Kidney Stones: In Ayurveda, the bark of the varuna has been traditionally used to heal kidney stones for more than 3,000 years. Findings of several studies undertaken by contemporary scientists have authenticated that the herb neutralizes the enzyme called glycolate oxidase and this particular effect of the herb lessens the production of oxalates by the body. It may be mentioned here that the oxalates combine with calcium to develop into kidney stones. Another chemical enclosed by varuna, lupeol, helps to lower the intensity of several laboratory indicators of kidney damage.
Presently, herbal medicine practitioners primarily use varuna to treat kidney and prostate problems. The bark of the tree is particularly used to treat infections of the urinary tract, kidney stones as well as benign prostatic hypertrophy (BPH). Researches undertaken by scientists have demonstrated that this particular herb's actions support the cardiovascular system by properly maintaining the suppleness as well as openness of the arteries.
In addition, it is believed that varuna has beneficial uses either as an effective diuretic or a herb that slows down or hinders the formation of stones inside the organs. Both the barks as well as the leaves of the tree are extensively utilized for preparing herbal medications. Moreover, varuna possesses diuretic, anti-inflammatory, demulcent (soothing or mollifying), lithontriptic (stone dissolving or destroying in the organs) and tonic (stimulant) properties. The bark of this tree generates ceryl alcohol, lupeol, friedelin, diosgenin and betulinic acid. The herb is also effective for treating conditions of the urinary organs, infections of the urinary tract, pain and burning micturition (urination), renal and vesical calculi (bladder stones).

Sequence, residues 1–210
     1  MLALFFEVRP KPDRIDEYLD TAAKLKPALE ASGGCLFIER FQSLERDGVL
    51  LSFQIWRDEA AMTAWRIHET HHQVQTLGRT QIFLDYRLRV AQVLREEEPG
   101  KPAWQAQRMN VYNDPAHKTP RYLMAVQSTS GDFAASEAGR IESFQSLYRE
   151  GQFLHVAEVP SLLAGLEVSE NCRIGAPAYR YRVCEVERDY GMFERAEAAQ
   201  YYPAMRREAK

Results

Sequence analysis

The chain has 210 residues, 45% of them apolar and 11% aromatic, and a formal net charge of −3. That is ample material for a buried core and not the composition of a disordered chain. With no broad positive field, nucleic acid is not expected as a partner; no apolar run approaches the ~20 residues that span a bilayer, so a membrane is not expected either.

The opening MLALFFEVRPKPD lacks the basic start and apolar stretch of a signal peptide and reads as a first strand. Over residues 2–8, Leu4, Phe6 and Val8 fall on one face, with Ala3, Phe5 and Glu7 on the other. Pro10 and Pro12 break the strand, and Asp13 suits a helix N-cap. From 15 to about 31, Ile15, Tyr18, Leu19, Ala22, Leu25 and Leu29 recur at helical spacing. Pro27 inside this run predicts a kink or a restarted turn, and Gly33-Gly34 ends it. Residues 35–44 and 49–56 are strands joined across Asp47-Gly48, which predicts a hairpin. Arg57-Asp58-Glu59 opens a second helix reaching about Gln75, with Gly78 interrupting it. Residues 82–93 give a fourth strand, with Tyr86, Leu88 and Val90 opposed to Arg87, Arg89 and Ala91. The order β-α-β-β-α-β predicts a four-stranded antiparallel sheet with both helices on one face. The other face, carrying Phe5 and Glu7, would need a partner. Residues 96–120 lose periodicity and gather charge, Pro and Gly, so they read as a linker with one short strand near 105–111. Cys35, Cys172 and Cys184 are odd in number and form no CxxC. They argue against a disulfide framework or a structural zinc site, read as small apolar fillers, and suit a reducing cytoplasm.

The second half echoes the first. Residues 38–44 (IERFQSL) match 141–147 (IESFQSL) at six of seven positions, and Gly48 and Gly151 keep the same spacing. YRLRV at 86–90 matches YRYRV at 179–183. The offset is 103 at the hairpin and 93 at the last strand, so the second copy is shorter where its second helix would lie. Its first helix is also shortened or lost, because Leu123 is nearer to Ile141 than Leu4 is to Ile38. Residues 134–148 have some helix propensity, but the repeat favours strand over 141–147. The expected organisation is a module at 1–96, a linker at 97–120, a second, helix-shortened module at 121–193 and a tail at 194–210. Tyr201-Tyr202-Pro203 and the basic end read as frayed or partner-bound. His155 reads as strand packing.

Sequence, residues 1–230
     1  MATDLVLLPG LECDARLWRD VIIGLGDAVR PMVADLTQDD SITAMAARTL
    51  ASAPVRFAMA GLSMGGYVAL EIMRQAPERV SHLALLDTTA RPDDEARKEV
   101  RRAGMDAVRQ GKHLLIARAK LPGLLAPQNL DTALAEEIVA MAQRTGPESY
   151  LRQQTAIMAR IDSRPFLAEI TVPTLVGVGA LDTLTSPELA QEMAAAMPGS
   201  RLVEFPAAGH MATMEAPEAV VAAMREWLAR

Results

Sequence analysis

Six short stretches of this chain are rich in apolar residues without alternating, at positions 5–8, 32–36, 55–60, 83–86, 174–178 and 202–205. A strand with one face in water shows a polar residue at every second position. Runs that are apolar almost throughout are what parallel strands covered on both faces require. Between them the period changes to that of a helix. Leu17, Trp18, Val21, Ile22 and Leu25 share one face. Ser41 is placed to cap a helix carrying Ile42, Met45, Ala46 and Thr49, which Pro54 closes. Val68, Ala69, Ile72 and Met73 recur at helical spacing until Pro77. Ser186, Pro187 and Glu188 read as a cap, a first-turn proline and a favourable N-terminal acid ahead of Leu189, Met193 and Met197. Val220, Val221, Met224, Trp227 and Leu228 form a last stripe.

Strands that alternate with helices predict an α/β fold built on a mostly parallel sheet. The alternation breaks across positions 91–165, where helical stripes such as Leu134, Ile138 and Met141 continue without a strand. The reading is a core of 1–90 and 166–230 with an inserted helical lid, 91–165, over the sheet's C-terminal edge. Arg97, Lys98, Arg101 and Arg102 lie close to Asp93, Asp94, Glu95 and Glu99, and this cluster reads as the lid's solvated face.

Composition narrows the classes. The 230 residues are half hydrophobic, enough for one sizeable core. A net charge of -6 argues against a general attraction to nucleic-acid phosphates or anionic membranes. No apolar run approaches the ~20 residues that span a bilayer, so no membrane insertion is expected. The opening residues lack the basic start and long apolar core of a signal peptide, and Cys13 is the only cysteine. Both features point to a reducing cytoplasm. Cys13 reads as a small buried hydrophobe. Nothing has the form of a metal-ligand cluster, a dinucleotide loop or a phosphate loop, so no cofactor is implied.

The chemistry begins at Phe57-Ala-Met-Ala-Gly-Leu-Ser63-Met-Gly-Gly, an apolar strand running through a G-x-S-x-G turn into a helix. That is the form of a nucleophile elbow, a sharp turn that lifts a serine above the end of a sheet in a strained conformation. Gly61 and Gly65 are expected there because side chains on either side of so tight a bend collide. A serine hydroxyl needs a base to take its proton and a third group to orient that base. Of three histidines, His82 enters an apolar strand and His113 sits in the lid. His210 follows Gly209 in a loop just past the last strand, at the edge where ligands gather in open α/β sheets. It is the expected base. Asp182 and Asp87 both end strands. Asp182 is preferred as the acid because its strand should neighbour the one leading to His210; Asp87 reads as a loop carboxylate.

Varuna is available in several varieties and may also be used as an ingredient in other remedial products. However, if you desire to use varuna to treat any of the conditions mentioned above, it is advisable to talk to your healthcare provider regarding the treatment of your precise health problems.
Habitat and cultivation
Varuna is native to India and Bangladesh and grows naturally along the river banks and is also cultivated in the temple premises. More or less all plants of this species are grown in gardens and they require adequate fertilizers for them to achieve optimal growth. The recommended fertilizers for use for healthy growth of varuna plants would normally be a combination of three parts of nitrogen (N), two parts of phosphorous (P) and three parts of potassium (K).
Side effects and cautions
The use of varuna or any medication prepared with it is generally considered to be safe and without any adverse aftereffects provided the herbal medication is taken according to the dose recommended by your physician or healthcare provider. It is important to bear in mind that this particular herb is not meant to be an alternate or a replacement for knowledgeable medical recommendation or care. However, the safety of the herb's use in children, pregnant women, nursing mothers as well as individuals suffering from acute kidney or liver problems is yet to be ascertained.
Varuna may be taken internally in various forms - tea or even as a tincture. This herb is promptly and easily available with any Ayurvedic practitioner and, hence, should always be taken as per the instructions or directions of the physician or healthcare provider who is recommending its use.
CommentsBACK TO TOP